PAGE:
An independent telephone study conducted in the U.K. and U.S. by Performance Research tested consumer awareness and attitudes toward corporate sponsorship of stadiums and arenas. The research revealed that sponsors must consider the needs of the fans, understanding an unwanted name change may do more harm than good.

During research in the U.S., Performance Research found nearly 90% of sports fans in Chicago, Boston, Indianapolis and Minneapolis were able to correctly name (unaided) stadium / arena sponsors, and 20% of the U.S. sports fans questioned reported they personally benefit from corporate-named stadiums / arenas.

So how would fans in the U.K. compare, when the same study was conducted here? Firstly the level of stadium sponsorship is much lower, and this was reflected during spontaneous sponsor recall questioning. Less than one-fourth (23%) of U.K. respondents were able to correctly recall sports stadiums named after a company, brand or product. Bolton’s Reebok stadium was recalled most frequently (54%), followed by Huddersfield’s McAlpine stadium (48%).

Can sponsors benefit from stadium naming? Well, one-fourth (25%) of fans in the U.K. indicated that stadium sponsorship ‘Has, or would increase purchase consideration’ of that brand or product. Moreover, roughly one-half of fans reported a ‘More positive’ opinion of a company sponsoring a sports stadium, and 25% reported a sports stadium named after a sponsoring company holds positive connotations, implying the team must be good.

However, before sponsors rush out and sign naming right sponsorship deals there are some reasons to be cautious. Despite nearly one-half (47%) of U.K. respondents reporting they were ‘Very’ or ‘Moderately’ in favour of a new sports arena named after a corporate sponsor, fewer than one-third of U.K. fans indicated they would be ‘Very’ or ‘Moderately’ in favour of changing the name of an existing stadium. Moreover, one in five U.K. sports fans reported just because a company was a sponsor did not make it right for them to change the name of the stadium, and unlike fans in the U.S. the majority (88%) of fans in the U.K. reported stadium naming would be of no benefit to them, indicating that stadium sponsorship was unlikely to result in lower ticket prices.

According to Mark Knight, Project Manager, Performance Research Europe, a company which undertakes sponsorship naming of a stadium without considering the needs of the club or fans is guilty of ‘brandalism’ of the worse kind and is only going to harm their brand image. “A stadium can be a national icon or community focal point, an un-necessary name change may be seen as little more than a cold-hearted attempt to buy their way into a sport they ultimately don’t understand”.

During February 1999 staff from Performance Research randomly dialed and interviewed, a total of two hundred and sixteen (216) sports fans.  The margin of error for this sample is no more than + 7%.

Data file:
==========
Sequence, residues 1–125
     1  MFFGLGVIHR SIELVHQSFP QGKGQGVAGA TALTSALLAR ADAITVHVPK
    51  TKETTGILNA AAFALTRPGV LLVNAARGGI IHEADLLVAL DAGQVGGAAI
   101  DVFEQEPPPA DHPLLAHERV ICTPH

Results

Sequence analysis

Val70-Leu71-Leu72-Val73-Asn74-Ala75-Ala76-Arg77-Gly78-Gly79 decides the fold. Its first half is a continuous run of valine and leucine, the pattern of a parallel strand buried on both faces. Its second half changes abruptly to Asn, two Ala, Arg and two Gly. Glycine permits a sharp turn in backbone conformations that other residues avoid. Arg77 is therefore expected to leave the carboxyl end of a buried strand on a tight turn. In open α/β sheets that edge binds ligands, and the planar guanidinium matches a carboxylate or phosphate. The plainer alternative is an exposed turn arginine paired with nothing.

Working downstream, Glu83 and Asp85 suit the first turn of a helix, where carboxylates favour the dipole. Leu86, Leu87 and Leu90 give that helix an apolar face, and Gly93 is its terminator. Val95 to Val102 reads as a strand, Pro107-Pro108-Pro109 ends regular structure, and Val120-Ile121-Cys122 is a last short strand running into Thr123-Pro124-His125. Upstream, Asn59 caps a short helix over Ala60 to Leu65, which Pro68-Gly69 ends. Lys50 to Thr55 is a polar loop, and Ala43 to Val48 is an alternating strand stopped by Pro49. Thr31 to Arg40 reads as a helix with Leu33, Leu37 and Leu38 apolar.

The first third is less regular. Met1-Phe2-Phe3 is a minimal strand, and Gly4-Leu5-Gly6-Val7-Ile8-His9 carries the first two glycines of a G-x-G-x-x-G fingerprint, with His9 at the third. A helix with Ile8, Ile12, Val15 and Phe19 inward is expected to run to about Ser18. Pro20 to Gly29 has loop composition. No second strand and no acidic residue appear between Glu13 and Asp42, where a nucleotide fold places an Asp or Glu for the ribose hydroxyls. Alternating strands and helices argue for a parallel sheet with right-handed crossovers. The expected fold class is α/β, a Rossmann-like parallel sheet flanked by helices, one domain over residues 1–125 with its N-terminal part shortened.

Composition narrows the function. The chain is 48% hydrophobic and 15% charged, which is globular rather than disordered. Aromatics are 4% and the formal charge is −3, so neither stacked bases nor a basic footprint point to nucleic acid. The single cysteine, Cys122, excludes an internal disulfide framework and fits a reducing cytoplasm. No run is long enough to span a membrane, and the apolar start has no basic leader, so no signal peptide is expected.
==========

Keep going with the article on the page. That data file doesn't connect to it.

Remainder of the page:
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Danica makes a splash in NASCAR

Go Daddy Team Rider Danica Parick not only helped to break gender barriers this past weekend by racing in Daytona, she helped to break television records as well.  “The Danica Effect” caused 4.2 million people to tune into Saturday’s NASCAR second-tier Nationwide Series Race.  The race had the highest cable viewership ever experienced by the series.

Here at Performance Research we have always stood behind platforms that embrace uniqueness. On several occasions we have recommended to clients that supporting the first viable female NASCAR driver would push significant attention to their likeness.

With her multiple Super Bowl ads and high profile NASCAR start, Danica should expect to reap great rewards.  Now that all this attention is on Danica and her race car, I wonder how traffic on Go Daddy is fairing?

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Value of the Olympic Seasons

Although the Olympics, regardless of the year or location, create a huge stir in both sports and business, it is apparent that the Summer Games and the athletes that compete in them are the clear bread winners.

The Summer Olympics not only have a longer history, more sports and more recognizable athletes than the Winter Games, according to a recent Forbes article, they also have a lot more value.  Coming in second on the list of the worlds top sports events, the Summer Olympics are valued at $230 million dollars in comparison to the $93 million dollar value of the Winter Olympics.

Besides Forbes offering these measured values for the Olympic Games, a recent Sports Biz article on offered some insight into the value gap between summer and winter.  Using examples of sponsorship dollars for summer athletes and how their likeness is being used even in Winter Olympic ads (e.g. Michael Phelps), the article illustrates how much the Summer Olympics has a greater draw, with better paid athletes, more competitions and higher visibility.

MSNBC cites viewership ratings and audience numbers as a primary example of what the article identifies as a “comparative lack of exposure” between the two games.  The last Winter Olympics held in Torino had the lowest ratings for any winter games, trailing the viewership of the Bejing Summer Games by 7.4 million (both broadcast over a 17 day schedule).

The article raises all valid points when comparing the two events; however there may be another factor in play.  While most people consider the Winter and Summer Olympics to be two years apart, in actuality, the summer games are competed 2.5 years after the winter games, while the winter games are competed only 1.5 years after the summer games.

Sure the Summer games have had it’s fair share of super stars, Michael Phelps being a record-breaking (in all senses) example, but exposure and stars may not be the only reasons the summer games are more profitable for sponsors.  It may also be the longer you have to wait, the more you appreciate what you experience.

Check out the MSNBC article here:

And for the Forbes Sports Values: